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During the period 1985-2022, note the authors of the report, the annual number of forest fires has increased, even if the ravaged area remains relatively stable. But in recent years, large forest fires have been observed. They occasionally have a considerable human and economic impact and are mainly concentrated in the six wilayas. coastal going from Tizi Ouzou to El Tarf, which have the highest rate of forest cover. In 2021 and 2022, material damage was estimated at 15,4 billion dinars ($114,4 million) for agriculture and 1,5 billion dinars ($11 million) for homes.

Wood quality

The World Bank also welcomes Algeria's efforts to strengthen the collection of data relating to the causes of forest fires, with the aim of implementing awareness, communication and integration strategies. all stakeholders to better prevent risk. The report highlights also the economic role of forests, which have always held an important place in the Algerian economy due to the richness and quality of their wood. The country, however, faces the challenge of meeting growing needs while its natural resources are vulnerable and declining.

Official figures from the General Directorate of Finance indicate that formal logging is declining. As a result, the sector rather promotes non-wood forest products (cork, carob, thyme, pine, rosemary, mastic, etc.), whose ecological, economic and social value continues to grow. The demand for markets for forest products, particularly for essential oils, is increasing. Furthermore, forests offer citizens moments of well-being: 7 million people have visited National Parks in 2021.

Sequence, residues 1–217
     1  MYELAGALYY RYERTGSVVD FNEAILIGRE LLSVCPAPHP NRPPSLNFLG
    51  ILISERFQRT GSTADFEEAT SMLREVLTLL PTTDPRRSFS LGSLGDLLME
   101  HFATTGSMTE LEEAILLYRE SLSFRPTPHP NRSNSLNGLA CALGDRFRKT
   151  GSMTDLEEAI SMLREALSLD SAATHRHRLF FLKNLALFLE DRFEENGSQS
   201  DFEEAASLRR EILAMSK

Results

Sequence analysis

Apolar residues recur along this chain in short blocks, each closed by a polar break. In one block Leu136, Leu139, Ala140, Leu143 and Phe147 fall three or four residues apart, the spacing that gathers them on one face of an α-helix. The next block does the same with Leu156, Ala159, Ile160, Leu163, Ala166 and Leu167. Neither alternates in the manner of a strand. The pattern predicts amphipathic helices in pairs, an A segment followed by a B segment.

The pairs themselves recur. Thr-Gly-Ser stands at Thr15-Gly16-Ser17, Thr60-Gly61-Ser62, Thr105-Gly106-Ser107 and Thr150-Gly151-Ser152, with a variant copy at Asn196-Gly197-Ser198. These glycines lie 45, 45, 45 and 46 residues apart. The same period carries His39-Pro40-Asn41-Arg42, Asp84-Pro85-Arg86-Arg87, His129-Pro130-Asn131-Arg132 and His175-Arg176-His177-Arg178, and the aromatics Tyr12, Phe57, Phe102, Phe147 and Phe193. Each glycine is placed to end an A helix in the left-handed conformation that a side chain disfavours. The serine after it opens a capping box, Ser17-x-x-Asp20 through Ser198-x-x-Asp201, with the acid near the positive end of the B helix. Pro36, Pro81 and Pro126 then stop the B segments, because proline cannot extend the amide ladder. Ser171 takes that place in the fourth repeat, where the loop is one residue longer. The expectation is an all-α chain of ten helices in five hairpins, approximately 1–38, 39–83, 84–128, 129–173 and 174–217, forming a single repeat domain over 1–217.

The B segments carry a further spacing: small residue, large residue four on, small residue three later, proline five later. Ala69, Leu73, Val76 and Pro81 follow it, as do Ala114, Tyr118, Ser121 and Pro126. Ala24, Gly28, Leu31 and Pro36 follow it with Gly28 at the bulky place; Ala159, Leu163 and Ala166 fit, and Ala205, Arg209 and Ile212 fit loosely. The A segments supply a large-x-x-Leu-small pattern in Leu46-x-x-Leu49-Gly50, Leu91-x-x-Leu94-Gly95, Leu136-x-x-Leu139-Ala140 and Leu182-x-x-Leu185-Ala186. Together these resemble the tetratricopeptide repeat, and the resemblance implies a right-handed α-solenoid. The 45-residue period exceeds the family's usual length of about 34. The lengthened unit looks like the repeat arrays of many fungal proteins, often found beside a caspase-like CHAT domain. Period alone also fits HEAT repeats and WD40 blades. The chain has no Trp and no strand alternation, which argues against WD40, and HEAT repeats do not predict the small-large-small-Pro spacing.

The report, which identifies five crucial areas, emphasizes the importance of placing sustainable forest management and fire risk analysis at the heart of interventions. It recommends continuing to strengthen the technical capacities of the sector to ensure effective management of forests and fires, and recommends better information management through strengthening inter-institutional collaboration. Mediafixer The authors of the report nevertheless emphasize that, despite the importance of the efforts made, significant additional human and logistical needs are required.

Algeria, the World Bank readily acknowledges, has always carried special attention to sustainable forest management to foster economic growth, improve people's livelihoods and protect the global environment, including combating climate change, conserving biodiversity and combating land degradation.

National reforestation plan

A set of ambitious strategies, plans and legislative texts has also been developed to support the implementation of public policies in the sector, such as the National Reforestation Plan, the Forestry Strategy for 2035, the Forest Fire Prevention and Fight Strategy and the National Forest Fire Prevention and Management Plan 2021-2030.

However, the report recommends opening the sector to private investment, greater involvement of populations living around forest areas and strengthening compliance with the rules in order to better protect natural spaces. Finally, he advises increasing financial and technical resources in order to face growing threats, such as the gigantic fires that occurred during these latest years.